Plan to help business struggling with beggars and the homeless

City councillor Anne Galloway says people begging along Hereford St does not give the perception of safety. PHOTO: MARTIN HUNTER

Trained staff could be employed to make first contact with homeless people to help get them into housing, in a plan being welcomed by central city businesses.

The city council, Central City Business Association, social agencies and businesses have been working on a plan to make the area safer and get homeless people and beggars the help they need.

Reinstating the ambassador programme, which was set up in 2007 and saw security guards in red jackets patrol the central city, is being investigated.

It could include specially trained staff walking around and speaking with beggars and homeless people to see what their situation is, and if they needed a home.

It would tie in with the Housing First initiative, which will get people into homes, and then support them with any other issues they may be facing.

“We have identified the fact if there is somebody sitting in a hotel doorway, the hotel owner has no idea who to call or what to do,” city councillor and Safer Christchurch Strategy Committee chairwoman Anne Galloway said.

“That’s where the ambassadors come in – they are a frontline person out there who will make first contact with people on the street.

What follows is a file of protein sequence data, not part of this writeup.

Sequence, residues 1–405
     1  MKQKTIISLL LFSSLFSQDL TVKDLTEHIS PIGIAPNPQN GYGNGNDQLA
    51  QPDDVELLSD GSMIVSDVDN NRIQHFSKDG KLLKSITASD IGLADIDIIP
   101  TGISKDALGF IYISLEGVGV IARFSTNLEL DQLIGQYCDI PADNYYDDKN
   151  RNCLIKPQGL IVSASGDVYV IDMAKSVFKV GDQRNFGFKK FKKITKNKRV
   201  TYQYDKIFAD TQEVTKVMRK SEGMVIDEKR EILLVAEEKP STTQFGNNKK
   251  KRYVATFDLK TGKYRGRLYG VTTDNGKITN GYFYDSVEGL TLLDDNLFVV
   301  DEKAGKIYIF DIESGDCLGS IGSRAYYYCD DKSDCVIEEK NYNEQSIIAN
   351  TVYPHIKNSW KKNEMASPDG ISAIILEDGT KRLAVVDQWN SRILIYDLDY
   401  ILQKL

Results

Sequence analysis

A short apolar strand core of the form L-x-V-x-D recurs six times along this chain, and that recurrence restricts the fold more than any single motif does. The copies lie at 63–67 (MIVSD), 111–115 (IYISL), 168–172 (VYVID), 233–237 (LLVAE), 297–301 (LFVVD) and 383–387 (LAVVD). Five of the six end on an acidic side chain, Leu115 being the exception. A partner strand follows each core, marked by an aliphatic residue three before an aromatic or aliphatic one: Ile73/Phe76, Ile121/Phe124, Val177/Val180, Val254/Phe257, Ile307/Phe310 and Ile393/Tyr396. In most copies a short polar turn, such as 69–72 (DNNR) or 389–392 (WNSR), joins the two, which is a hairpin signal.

“They start the process from the footpath to the whare.”

In the past, central city businesses had been concerned with the number of homeless people and beggars in the area, saying some could intimidate customers and staff.

Cr Galloway said these were “our people” and the group wanted to approach the situation compassionately.

“But we also want people to feel safe in the central city and unfortunately having people on the street along Hereford St for example, does not give a perception of safety.”

Cr Galloway said there was still a lot of work to be done on the idea, but it was going
to happen “in one form or another.”

The staff would also help curb other anti-social behaviour, be the “eyes and ears” of police, and help tourists and visitors.

The Central City Business Association has asked for about $200,000 to be allocated in the city council’s budget each year for the programme to be reinstated.

Association manager Paul Lonsdale said it would manage anti-social problems, some of which would start to arise as the central city changed.

“We want a safe central city that people can feel comfortable walking around in at any time of the day,” he said.

“If anti-social behaviour is left unattended, it increases.”

City councillor and Development Forum chairman Jamie Gough said often homeless people or beggars had an adverse impact on businesses as it was not a good look.

He said the ambassador programme would work well.

“They would be perfectly placed being able to interact with people facing a raft of issues being homeless people or begging,” he said.

“There’s often a lot more to
it than simply not having a home.”

Currently, there is no funding set aside in the city council’s draft Long Term Plan.

City councillors would have to decide whether to include it.

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